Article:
• Having said that… It wouldn’t have hurt audience interest to give Tom Cruise a lead actor nomination, just as thanks for, at least According to Steven Spielberg, basically saving the movie business. Cruise did not attend.
  • part of your world The most blatant act of corporate synergy during this ABC telecast was heavy promotion for parent company Disney’s remake of “The Little Mermaid,” though the vocal chops displayed by Halle Bailey, the new Ariel, helped offset the stripped-back commercialism. . And then there was that Warner Bros.
  • The Gaga show. Someone in my Oscars pool group chat called Lady Gaga’s stripped-down performance of “Hold My Hand” her “MTV Unplugged” phase. Correct.
  • The Oscars is a 3.5 hour show. And we just have to deal with that fact, apparently. Sunday’s broadcast lasted about three hours and 40 minutes, like last year. It’s hard to get someone, especially a young audience, to sit down for almost four hours to watch a live broadcast. But this is the letter that the academy has dealt itself.
A man in a tuxedo gives an Oscar acceptance speech with his cast and crew behind him.

“Everything Everywhere All at Once” won seven awards, including Best Picture.

(Myung J. Chun / Los Angeles Times; illustration by Nicole Vas / Los Angeles Times)

All about the Oscars

The best picture at the Oscars may seem radical. But it’s as traditional as it gets. Times film critic Justin Chang’s take: For all its iconic achievements, the sentimental, self-important “Everything Everywhere All at Once” isn’t as bold a choice as it sounds.

Was this the ‘comeback year’ at the Oscars? Mark Olsen: This awards season gave special attention to veteran artists Ke Huy Quan, Jamie Lee Curtis, Brendan Fraser and Michelle Yeoh.

Backstage at the Oscars 2023: Exclusive behind-the-scenes photos. The stars were out.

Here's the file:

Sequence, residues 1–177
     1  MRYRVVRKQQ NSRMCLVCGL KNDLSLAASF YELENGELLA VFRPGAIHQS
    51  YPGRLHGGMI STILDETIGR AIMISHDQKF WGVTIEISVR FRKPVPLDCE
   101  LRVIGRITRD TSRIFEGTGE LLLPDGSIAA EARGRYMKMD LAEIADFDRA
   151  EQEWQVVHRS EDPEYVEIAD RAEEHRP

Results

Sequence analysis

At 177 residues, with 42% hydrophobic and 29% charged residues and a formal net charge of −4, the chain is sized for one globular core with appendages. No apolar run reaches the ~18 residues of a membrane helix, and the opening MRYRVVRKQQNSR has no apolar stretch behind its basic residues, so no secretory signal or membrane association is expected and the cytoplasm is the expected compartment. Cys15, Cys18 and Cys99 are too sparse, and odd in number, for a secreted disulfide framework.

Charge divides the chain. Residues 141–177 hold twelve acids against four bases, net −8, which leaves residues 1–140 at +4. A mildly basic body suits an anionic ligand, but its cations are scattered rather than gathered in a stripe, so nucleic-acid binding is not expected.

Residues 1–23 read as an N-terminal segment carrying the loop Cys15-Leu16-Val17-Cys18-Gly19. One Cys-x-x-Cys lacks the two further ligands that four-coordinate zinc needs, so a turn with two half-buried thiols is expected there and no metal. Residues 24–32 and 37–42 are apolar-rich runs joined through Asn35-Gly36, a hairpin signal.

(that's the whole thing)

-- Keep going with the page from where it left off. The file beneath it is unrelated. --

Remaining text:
Gaga and Rihanna! Oh my! (a donkey and a bear too): The must-see moments of the Oscars 2023. Slap references, some course corrections and other must-see moments, including animal attractions, from the 95th Academy Awards.

Things that are not from the Oscars

At SXSW, an unexpected banking crisis interrupts a tradition in the tech world. Amid the failure of Silicon Valley Bank, the annual South by Southwest technology and culture summit in Austin, Texas, has taken on a decidedly somber tone.

Bob Iger admits that Disney’s theme park pricing moves were “too aggressive.” Iger also acknowledged that the initial $6.99 monthly fee for the Disney+ streaming service was too low. Now the company is looking to reduce its transmission losses.

Fox News host Maria Bartiromo is front and center in Dominion’s defamation lawsuit. The “Sunday Morning Futures” host and Fox Business Network morning host is prominent in Dominion’s claims that the network lied about voter fraud.

Spotify charts the future of podcasting after controversies, challenges, and changes. Spotify announced a handful of new podcast partnerships, production tools, and a Batman spin-off starring Hasan Minhaj as the Riddler.

ICYMI. WGA members almost unanimously approved the bargaining demands. The ‘SNL’ crew threatens to go on strike. Former Fox executive convicted in soccer rights bribery case

week number

two thousand one hundred sixty-five

The US movie theater business lost more than 2,000 movie screens during the pandemic, according to a report issued last week by the Cinema Foundation—surprisingly few, considering the damage the COVID-19 crisis has wreaked on the nation. industry.

The American theater scene lost 5.3% of the 44,283 screens it had in 2019. By 2022 there are 42,063. There may be more losses to come as Regal works its way through bankruptcy proceedings and AMC struggles with its debt.

To avoid additional closures, theaters need more movies. The US and Canadian box office hit $7.53 billion in 2022, down 34% from 2019 levels. Not coincidentally, there were 36% fewer wide releases last year than the year before the coronavirus outbreak. coronavirus.

Theaters anticipate 40% more wide releases in 2023 than last year. That should help, big time.

The best of the web

— Vinyl sold more units than CDs in 2022 for the first time in decades, according to the RIAA. (Rolling Stone)
— I missed this one: Did you know that there are “reality trainers”? Casting consultants are helping regular people. Participate in your favorite shows. (Wall Street Journal)
— Anthony Pellicano gets the documentary treatment torn from the headlines. (Daily Beast)
—GQ asks why so many guys they are obsessed with “Master and Commander”.
The way Americans view local sports teams is about to change. (WSJ)
—The Tucker Carlson schtick melts (Political)


Brain fried after the Oscars, I watched the first two episodes of “World History Part II” on Hulu. Guess what? It is funny!